When it comes to the adhesives used in their products, IVD manufacturers are requiring high performance, quick dynamic wettability, and good durability. Adhesive manufacturers must control and balance these factors to achieve hydrophilic adhesives that lend themselves to ease of manufacturing.
However, when choosing an adhesive for use in an IVD device, it is important to consider all of the following: the components to be bonded and the surface energies of those components, the type of fluids to be wicked and the surface tensions of those fluids, chemistry of the reagents, compatibility of adhesive with all components, use conditions, shelf life, and packaging.
Membranes used in lateral-flow devices are typically hydrophobic polymers with low surface energy. Consequently, these components are not compatible with aqueous biological fluids. To overcome the low surface energy of such membranes, surface-active agents are often added to increase their wettability and consequent wicking ability. However, the addition of such surface-active agents may decrease the ability of the membrane to bond or to retain proteins that are critical to the performance of the device. In addition, surfactants added to the membrane can reduce test sensitivity by causing extensive spreading of reagent bands.
The use of hydrophilic coatings formulated by mixing surfactants with a polymer resin can enhance the wicking of biological fluids into or through an IVD device. These constructions bond device components and provide a hydrophilic surface that can reduce the surface tension of a biological fluid. Reduced surface tension allows rapid transfer of the fluid from the inlet area to the reagent area of an IVD, thus reducing the time for analysis. More-efficient transport of fluid to reagent also allows for use of smaller sample volumes, thereby enhancing design flexibility and making it possible to employ alternative collection sites for increased patient comfort. Finally, these products can reduce the risk of chemical interference by providing a wicking surface that allows increased separation between the sampling port and test reagents. All of these benefits allow for more-efficient manufacturing processes with the potential for reduced product cost.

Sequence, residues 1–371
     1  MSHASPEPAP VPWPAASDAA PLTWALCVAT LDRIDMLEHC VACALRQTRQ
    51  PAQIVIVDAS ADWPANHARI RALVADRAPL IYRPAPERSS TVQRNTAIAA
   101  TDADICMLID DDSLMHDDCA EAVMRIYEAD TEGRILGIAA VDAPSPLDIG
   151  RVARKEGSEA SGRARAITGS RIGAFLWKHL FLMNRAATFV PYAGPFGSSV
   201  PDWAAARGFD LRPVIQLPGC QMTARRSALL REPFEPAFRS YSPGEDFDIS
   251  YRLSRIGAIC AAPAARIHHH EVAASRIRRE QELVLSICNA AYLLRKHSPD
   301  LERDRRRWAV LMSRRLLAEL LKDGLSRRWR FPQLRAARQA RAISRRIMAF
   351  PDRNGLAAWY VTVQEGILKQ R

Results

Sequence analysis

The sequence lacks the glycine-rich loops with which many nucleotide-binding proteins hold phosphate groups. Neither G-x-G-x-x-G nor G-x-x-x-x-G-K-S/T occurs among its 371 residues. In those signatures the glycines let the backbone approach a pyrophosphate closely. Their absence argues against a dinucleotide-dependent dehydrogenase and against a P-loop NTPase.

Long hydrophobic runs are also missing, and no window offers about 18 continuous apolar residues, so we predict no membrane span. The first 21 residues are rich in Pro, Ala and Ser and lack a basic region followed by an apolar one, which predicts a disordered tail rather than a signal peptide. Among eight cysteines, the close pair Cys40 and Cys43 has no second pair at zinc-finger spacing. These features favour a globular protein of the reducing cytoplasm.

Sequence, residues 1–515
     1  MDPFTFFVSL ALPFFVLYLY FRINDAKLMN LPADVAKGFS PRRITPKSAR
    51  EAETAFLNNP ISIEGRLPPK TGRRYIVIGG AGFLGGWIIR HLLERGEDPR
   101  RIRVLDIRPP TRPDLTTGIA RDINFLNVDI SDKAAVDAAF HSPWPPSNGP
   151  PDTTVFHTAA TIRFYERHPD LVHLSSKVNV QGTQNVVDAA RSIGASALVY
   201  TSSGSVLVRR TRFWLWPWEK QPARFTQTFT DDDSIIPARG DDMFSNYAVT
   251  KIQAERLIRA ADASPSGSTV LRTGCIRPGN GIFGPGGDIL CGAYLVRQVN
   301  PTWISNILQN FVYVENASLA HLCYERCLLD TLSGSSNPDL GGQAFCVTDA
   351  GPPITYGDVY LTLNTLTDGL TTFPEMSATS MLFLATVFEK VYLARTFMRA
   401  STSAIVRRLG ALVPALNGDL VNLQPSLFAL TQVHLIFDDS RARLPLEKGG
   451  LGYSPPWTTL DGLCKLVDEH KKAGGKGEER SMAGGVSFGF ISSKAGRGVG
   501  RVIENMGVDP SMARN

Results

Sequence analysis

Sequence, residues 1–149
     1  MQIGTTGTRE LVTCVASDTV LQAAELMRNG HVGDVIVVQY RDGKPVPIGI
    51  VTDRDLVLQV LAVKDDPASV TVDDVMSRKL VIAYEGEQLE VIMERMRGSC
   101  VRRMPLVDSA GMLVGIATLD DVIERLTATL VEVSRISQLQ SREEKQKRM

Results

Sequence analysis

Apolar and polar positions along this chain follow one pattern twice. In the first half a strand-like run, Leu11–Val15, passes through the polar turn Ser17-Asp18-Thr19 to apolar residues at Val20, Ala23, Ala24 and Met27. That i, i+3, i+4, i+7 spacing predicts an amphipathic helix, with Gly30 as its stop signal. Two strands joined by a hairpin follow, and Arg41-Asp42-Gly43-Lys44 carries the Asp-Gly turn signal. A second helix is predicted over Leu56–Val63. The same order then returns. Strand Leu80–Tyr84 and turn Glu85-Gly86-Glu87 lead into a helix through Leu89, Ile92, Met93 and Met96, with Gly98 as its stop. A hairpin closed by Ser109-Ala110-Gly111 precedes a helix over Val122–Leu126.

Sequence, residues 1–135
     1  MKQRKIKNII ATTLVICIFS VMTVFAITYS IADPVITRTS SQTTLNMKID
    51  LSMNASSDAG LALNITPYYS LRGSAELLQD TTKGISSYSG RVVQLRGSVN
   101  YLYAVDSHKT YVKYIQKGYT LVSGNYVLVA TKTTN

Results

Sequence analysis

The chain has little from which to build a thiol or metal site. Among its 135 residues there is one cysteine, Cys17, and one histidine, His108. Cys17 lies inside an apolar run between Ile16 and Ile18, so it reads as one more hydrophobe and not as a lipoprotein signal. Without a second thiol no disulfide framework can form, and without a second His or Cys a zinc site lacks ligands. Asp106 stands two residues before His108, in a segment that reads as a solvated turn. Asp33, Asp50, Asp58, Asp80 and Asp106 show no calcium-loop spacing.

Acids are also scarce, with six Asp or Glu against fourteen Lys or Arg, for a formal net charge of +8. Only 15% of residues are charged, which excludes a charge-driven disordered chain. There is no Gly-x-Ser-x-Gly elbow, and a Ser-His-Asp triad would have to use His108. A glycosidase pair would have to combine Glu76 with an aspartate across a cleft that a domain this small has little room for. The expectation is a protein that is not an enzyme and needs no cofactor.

Hydrophilic coatings and pressure-sensitive and heat-sealable adhesives may be used in a variety of IVD products, including capillary-flow, lateral-flow, microfluidic, and electrophoretic devices.
The unique proprietary technology developed for hydrophilic coatings and heat-seal and pressure-sensitive adhesives can be custom-formulated to provide bonding surfaces that enable wetting and spreading of fluids into IVD devices. The selection of adhesive and surfactant additive and its concentration are critical to device performance.
The experimental results provide evidence of hydrophilic enhancement of adhesive tape constructions that can be used for IVD devices. To ensure compatibility, however, different polymer systems will require judicial selection of surfactant. Surfactant properties such as molecular weight, charge type, and chemical structure must be considered in selecting the best hydrophilic adhesive construction.
Hydrophilic coatings formulated with surfactants have proven effective in improving wicking and increasing flow rates in IVD devices. The properties of the adhesive and surfactant are selected to be compatible with the diagnostic device and its reagent chemistry. As with any application, the suitability of a tape construction must be determined by the device manufacturer.